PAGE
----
Parents who don't want their children to become bullies should stay positive, talk to their kids and meet their children's friends.
That's according to new research presented today (May 1) at the annual meeting of the Pediatric Academic Societies in Denver. Using data from a nationally representative phone survey, researchers found that some factors -- including parents who frequently feel angry or bothered by their children -- raise the risk that a child will become a bully. But other parenting behaviors protect kids from taunting others.
"The protective factors that I think can really be helpful, if we can focus on building them, is having parents who share ideas, talk well or very well with their child, and have met most or all of their child's friends," study researcher Rashmi Shetgiri of the University of Texas Southwestern Medical Center in Dallas told LiveScience. The focus, she said, should be "helping parents to manage the negative emotions that they may have."
The devastating effect of bullying on victims is well-known, but bullies are at risk of hurting themselves, too. Research has shown that bullies are at greater risk than non-bullies for psychological problems, substance abuse and delinquency. One study, presented in 2010 at the annual convention of the American Psychological Association, asked bullies why they torment other kids and found that they often hold negative views about themselves. [Read Bullies on Bullying: Why We Do It]
As part of a national phone survey, Shetgiri and her colleagues asked parents of children ages 10 to 17 whether their kids were ever cruel to other children. They also collected data on the parents' own mental health and emotions. Using data from 2003 to 2007, they found that 23 percent of children had bullied another kid at some point in 2003. In 2007, 35 percent of parents reported that their kid had been known to bully others, a 52 percent increase. In 2007, 15 percent of kids were "frequent" bullies.
Across the years, a few risk factors for bullying emerged. Children who had emotional, behavioral or developmental problems were more likely to bully. Kids of parents who said they often felt angry or bothered by their child were more likely to be bullies. And moms with mental health problems were also more likely to have kids that bullied.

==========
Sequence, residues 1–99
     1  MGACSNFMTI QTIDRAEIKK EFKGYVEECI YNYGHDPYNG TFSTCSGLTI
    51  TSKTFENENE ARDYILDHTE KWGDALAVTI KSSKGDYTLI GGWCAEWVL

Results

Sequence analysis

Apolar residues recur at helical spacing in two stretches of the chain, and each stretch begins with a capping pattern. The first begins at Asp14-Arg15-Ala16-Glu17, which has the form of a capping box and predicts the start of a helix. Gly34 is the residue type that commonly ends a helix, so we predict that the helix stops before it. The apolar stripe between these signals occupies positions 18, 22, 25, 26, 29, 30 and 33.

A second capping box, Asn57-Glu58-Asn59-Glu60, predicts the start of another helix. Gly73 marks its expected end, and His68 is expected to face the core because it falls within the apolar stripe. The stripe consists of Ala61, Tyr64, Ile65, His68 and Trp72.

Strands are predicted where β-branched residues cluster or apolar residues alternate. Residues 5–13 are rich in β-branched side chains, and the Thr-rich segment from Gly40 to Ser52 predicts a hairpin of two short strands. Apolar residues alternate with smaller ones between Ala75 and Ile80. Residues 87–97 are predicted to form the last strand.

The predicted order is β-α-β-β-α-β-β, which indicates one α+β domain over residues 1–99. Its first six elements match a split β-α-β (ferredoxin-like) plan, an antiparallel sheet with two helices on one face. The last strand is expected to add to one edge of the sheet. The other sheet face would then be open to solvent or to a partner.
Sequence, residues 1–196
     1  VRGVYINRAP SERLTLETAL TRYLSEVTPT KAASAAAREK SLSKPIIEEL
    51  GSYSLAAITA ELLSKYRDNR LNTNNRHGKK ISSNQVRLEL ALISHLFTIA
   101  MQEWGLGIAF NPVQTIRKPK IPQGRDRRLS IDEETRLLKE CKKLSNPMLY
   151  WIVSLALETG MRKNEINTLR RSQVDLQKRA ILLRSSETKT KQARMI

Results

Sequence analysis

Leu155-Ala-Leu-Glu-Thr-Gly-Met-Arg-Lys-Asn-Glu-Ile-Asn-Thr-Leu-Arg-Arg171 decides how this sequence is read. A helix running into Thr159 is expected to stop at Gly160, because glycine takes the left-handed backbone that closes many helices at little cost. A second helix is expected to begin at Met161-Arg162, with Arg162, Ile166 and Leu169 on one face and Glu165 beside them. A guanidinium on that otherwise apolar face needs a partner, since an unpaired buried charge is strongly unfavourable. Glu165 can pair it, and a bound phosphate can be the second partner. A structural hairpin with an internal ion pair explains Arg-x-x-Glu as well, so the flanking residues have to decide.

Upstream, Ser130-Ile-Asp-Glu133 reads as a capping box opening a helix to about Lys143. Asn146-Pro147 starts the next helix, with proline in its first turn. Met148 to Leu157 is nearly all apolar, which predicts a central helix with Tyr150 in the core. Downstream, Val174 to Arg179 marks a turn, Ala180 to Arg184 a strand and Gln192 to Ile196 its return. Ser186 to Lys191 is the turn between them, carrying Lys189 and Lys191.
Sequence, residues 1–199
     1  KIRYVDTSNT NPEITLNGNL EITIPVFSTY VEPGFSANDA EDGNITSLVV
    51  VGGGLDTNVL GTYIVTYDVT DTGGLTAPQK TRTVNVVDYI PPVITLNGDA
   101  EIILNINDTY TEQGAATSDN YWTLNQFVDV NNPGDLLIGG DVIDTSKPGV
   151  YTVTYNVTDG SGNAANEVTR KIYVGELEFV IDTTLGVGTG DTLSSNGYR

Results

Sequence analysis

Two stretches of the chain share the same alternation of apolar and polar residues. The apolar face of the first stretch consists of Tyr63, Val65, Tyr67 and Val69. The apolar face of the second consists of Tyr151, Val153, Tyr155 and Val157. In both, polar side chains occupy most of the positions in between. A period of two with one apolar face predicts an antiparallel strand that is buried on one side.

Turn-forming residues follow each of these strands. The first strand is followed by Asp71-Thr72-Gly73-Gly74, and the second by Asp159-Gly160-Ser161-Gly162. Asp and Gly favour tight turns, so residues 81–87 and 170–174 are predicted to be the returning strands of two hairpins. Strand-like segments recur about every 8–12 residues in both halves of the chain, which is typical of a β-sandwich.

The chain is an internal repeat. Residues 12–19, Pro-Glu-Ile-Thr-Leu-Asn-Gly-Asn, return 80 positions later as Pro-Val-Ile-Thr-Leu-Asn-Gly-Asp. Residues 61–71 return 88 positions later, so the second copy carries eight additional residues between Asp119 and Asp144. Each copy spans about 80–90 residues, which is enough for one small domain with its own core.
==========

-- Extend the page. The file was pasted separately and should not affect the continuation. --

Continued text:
Preventing potential bullies
On the other hand, parents who had communicative relationships with their children and knew most of their kids' friends were unlikely to raise a bullying child.
Shetgiri and her colleagues can't say from their research whether parental anger and impatience cause kids to act out by bullying, or whether bullies are more likely to make their parents angry. Discovering the cause of the bullying will require long-term studies of the same group of children over time, Shetgiri said.
The study also didn't look at cyberbullying, which Shetgiri hopes to research in the future. Her main goal, however, is to develop parenting interventions to either prevent or reverse the development of bullies.
"Interventions that help parents become more involved in their children's lives and that help parents communicate better with their children may be helpful," Shetgiri said.
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Stephanie Pappas is a contributing writer for Live Science, covering topics ranging from geoscience to archaeology to the human brain and behavior. She was previously a senior writer for Live Science but is now a freelancer based in Denver, Colorado, and regularly contributes to Scientific American and The Monitor, the monthly magazine of the American Psychological Association. Stephanie received a bachelor's degree in psychology from the University of South Carolina and a graduate certificate in science communication from the University of California, Santa Cruz.